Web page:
Shower Tile

Corner isn't as crooked as it looks.


I got a bunch of subway tile off craigslist from a nice couple in the process of moving. I thought all of it was white when I bought it. Turned out the subway was white and the base almond. craigslist pickups are retail stores. I get in, check the basics to make sure it's a craigslist price, and get out. In this case the field tile alone was worth the price. The seller just wants it all gone. Offering less for just the field tile is not what that type of seller is looking for. I heard it a lot, the seller bought stuff for a project that never happened and can't bring themselves to toss the material, kind of insult to injury I think. Then say "happy it's going to be used".

$40 for the lot, of which I only used a third in this bathroom.

Mixing Almond and White

There was a lot of the almond cove base, like 30 linear feet. Way more than I could ever use as actual base tile. So I noddled for awhile on a design that would use this material. Once again the material was pushing the design. I was very concerned about mixing almond and white, I'm sure it must be some kind of design third rail. But it worked nicely to my suprise.

Rock Tile

I ended up with a horizontal band, as is common to break up floor to ceiling tile. In between I mortared river rock from the backyard. I'd been trying to add river rock to a bathroom for years.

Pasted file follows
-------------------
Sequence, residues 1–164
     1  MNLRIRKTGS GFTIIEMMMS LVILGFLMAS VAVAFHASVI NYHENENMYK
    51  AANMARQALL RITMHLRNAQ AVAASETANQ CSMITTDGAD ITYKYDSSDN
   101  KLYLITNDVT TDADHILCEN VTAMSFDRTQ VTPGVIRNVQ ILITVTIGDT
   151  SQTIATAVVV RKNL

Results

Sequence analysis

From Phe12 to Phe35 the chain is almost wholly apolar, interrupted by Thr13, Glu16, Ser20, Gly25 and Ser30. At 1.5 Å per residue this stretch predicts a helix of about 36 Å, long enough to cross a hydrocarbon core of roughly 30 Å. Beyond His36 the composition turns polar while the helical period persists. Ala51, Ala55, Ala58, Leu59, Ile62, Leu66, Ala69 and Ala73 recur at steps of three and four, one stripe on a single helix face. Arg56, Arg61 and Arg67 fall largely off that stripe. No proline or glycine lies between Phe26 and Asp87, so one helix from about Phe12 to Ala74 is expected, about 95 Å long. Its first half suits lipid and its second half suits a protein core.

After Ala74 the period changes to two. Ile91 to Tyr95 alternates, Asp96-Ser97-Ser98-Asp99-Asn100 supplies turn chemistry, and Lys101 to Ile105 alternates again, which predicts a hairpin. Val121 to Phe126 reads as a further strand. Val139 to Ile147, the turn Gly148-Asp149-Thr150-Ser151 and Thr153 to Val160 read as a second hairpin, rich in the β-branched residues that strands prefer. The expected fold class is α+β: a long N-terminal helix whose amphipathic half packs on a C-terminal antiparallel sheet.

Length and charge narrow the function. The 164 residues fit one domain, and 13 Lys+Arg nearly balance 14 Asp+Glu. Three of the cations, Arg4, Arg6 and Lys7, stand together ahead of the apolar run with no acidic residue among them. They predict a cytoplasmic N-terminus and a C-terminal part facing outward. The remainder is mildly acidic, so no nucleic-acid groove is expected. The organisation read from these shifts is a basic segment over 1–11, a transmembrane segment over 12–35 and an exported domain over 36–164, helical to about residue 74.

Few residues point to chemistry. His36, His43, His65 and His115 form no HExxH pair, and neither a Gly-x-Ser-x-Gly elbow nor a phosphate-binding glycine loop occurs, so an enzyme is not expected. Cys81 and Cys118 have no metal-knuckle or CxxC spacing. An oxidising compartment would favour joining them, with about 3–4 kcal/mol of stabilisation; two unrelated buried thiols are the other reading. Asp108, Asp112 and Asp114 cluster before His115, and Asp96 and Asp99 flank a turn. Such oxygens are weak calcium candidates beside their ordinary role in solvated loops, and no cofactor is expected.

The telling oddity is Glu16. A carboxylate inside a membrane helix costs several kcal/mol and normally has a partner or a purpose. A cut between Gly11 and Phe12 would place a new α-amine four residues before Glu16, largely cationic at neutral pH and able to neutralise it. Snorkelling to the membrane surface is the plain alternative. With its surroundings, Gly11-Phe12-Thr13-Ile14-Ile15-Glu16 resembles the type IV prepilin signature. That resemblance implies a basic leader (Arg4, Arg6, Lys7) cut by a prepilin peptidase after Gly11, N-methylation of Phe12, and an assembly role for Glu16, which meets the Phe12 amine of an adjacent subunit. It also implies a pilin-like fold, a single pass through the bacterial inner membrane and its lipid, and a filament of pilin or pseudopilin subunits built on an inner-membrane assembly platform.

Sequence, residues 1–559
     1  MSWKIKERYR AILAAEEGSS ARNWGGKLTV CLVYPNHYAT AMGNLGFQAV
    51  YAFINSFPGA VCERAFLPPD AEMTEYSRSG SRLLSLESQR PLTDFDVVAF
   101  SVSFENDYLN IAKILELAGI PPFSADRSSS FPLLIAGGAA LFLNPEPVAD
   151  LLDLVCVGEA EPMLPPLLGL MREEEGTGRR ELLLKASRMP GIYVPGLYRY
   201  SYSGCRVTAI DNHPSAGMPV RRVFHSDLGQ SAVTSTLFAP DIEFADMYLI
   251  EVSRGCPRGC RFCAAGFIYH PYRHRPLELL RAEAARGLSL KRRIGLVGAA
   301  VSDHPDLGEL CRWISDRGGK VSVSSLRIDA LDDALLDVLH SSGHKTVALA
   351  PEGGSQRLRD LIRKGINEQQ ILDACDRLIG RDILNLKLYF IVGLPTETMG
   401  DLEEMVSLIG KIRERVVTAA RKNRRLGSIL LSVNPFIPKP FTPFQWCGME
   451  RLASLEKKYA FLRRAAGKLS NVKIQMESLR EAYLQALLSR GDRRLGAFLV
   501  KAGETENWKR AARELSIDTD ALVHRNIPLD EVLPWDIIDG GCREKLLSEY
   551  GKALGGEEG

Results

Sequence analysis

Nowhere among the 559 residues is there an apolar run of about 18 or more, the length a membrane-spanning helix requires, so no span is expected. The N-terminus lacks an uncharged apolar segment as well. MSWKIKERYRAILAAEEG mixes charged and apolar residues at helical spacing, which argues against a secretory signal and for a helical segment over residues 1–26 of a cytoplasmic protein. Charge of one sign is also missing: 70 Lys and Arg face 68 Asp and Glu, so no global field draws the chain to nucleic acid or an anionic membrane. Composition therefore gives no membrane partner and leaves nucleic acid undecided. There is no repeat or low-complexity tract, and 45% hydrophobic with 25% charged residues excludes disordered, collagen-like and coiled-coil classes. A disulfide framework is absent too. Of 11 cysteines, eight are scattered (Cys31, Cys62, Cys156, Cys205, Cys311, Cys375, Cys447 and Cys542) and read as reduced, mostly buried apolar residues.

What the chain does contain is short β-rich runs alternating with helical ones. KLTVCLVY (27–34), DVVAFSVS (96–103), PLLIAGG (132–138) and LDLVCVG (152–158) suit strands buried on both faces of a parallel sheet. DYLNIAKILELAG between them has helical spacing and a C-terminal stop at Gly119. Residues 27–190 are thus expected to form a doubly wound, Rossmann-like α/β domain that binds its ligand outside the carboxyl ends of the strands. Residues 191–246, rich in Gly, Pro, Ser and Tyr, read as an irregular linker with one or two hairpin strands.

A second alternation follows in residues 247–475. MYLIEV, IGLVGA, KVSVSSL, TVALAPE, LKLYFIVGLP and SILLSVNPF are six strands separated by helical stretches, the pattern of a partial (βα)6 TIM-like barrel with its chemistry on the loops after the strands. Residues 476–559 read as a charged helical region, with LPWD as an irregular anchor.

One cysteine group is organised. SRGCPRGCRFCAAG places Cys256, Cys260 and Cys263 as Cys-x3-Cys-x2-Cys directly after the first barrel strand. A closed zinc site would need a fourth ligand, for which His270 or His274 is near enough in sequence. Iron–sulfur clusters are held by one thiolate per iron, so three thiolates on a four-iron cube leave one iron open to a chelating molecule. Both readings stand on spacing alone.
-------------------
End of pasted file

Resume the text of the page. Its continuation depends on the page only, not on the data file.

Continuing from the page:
We live in a strange world. A person can buy river rock tile squares for about $15 a sq ft. Most are real stone epoxied to a mesh to reduce labor. I find them too uniform. They don't really look that easy to lay. Cutting? Seamless? I don't believe I would have saved any time at all with the mesh tile when including the time required to find the right tile in the first place. Plus I got just the look I wanted using materials at hand in the Craftsman tradition.


I cut strips out of 18" square Travertine, the thickest I had, for counter surfaces and the shower threshold. The threshold was 24", another design opportunity. I centered the Travertine and filled the edges with river rock to tie into the rock band.

This same Travertine was used on the floor.

$1 per sq ft swimming pool tile.

Shower Floor

I went out on a limb with the shower floor. Blue glass title normally used in swimming pools and spas. I liked the idea of being reminded of a spa and thought a bit of color would be good. It turned out OK, not great, color wise.

This was the worst tile laying I have ever question. These come on sheets and I didn't line up adjacent sheets. I thought it might end up as a random pattern, but really, very little thought was expended. The problem was a complete lack of experience using these mesh tiles, the uneven floor just reinforced the point.

I chalk it up as a learning experience. In the future I would make sure the subsurface was more uniform and tiles were aligned. Or I would remove the 1" square tiles from the mesh and lay them individually for a more random look.